Epson to Launch New Supplies and Service Subscription Service

Seiko Epson of Tokyo, Japan, announced today that it will launch a subscription printing service called ReadyPrint for use with its high-capacity ink-tank and ink-cartridge inkjet printers.

Epson will launch the service first in The Netherlands in early February, and then will roll it out across Europe. The firm then also plans to deploy the service globally, initially in consumer markets in developed economies, beginning in April 2020.

European consumers who wish to use a high-capacity ink-tank printer can subscribe to a service plan that meets their particular printing needs and includes the use of a printer. Three different price plans will be offered  for mono and color printing, with the prices based on monthly print volumes. The plans start as low as about 6.99 euros per month for 300 monochrome prints, and range up to 14.99 euros per month for subscribers that want unlimited color printing. Customers will be able to change their plan as needed.

How does it work? ReadyPrint detects when ink begins to run low in the customer’s Internet-connected printer, and Epson then ships replacement ink bottles automatically, so customers don’t have to worry about running out of ink. Printers are also covered against breakdowns during the period of the contract. ReadyPrint is similar to Epson’s ReadyInk program that Epson launched in 2017, but ReadyInk only includes ink replacement, while ReadyPrint includes service.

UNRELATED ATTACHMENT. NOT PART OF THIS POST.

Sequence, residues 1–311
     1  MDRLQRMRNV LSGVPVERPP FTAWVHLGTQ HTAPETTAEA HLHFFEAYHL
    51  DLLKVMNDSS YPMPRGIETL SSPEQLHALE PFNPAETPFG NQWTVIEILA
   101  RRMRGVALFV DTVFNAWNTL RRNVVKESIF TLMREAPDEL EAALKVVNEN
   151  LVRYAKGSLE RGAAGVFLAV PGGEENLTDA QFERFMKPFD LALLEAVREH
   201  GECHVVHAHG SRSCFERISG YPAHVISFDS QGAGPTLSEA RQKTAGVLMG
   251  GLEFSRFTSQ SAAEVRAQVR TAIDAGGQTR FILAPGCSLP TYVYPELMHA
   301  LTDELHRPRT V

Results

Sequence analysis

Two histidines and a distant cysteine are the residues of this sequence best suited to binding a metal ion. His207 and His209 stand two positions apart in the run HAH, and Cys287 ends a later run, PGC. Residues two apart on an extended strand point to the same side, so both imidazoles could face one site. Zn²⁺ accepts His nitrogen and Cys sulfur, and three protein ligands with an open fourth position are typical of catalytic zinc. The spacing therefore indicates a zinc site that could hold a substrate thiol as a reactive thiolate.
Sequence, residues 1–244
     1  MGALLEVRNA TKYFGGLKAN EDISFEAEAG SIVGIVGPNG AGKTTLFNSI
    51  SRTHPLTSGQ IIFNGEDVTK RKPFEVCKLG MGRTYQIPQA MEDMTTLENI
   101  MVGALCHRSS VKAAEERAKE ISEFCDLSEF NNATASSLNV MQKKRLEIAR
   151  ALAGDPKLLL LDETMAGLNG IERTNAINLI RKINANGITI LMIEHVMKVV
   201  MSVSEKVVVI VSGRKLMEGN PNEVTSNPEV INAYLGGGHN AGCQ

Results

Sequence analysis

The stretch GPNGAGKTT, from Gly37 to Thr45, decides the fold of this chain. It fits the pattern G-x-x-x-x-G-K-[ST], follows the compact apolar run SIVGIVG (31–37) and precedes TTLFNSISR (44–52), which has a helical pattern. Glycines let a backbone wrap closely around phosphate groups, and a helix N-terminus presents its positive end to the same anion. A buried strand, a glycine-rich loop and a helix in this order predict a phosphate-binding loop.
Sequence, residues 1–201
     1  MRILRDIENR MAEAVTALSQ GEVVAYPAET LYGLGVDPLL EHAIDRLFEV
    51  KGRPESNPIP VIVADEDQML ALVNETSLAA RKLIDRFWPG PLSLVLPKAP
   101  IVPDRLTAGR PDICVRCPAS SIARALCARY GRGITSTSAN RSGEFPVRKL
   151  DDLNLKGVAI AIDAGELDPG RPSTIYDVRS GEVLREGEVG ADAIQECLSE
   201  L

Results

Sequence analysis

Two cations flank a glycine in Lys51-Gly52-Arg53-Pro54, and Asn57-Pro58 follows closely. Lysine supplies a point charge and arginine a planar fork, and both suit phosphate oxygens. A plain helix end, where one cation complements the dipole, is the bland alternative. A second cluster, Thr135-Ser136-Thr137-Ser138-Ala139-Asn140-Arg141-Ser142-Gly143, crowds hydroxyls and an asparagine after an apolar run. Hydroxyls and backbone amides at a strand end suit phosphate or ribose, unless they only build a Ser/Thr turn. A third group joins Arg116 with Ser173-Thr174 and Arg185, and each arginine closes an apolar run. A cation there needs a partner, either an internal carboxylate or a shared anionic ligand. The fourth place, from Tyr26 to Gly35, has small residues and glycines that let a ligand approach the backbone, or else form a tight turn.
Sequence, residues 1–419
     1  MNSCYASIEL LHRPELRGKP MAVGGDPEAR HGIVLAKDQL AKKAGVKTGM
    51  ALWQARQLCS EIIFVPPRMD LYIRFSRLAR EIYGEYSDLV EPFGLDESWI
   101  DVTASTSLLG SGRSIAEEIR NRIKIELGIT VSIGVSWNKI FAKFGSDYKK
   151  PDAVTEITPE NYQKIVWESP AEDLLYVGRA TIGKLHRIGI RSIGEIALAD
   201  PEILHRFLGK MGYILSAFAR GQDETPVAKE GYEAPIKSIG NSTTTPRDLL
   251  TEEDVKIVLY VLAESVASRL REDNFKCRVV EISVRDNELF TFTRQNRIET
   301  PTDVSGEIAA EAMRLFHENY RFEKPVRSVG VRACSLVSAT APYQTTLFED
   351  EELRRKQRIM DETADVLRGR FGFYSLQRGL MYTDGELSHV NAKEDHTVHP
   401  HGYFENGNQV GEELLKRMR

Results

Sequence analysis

Epson will also launch a subscription service for users of Epson ink-cartridge printers. Subscribers will automatically receive replacement ink cartridges for a fixed monthly fee. There are three fee plans based on monthly print volume starting at less than 2 euros per month.

Through subscription-based services like this, Epson believes it can capture the needs of an increasingly diverse market and continue to improve convenience and customer satisfaction. The company forecasts an approximately 30-percent increase in sales of ReadyPrint-compatible models over the next several years in Europe.

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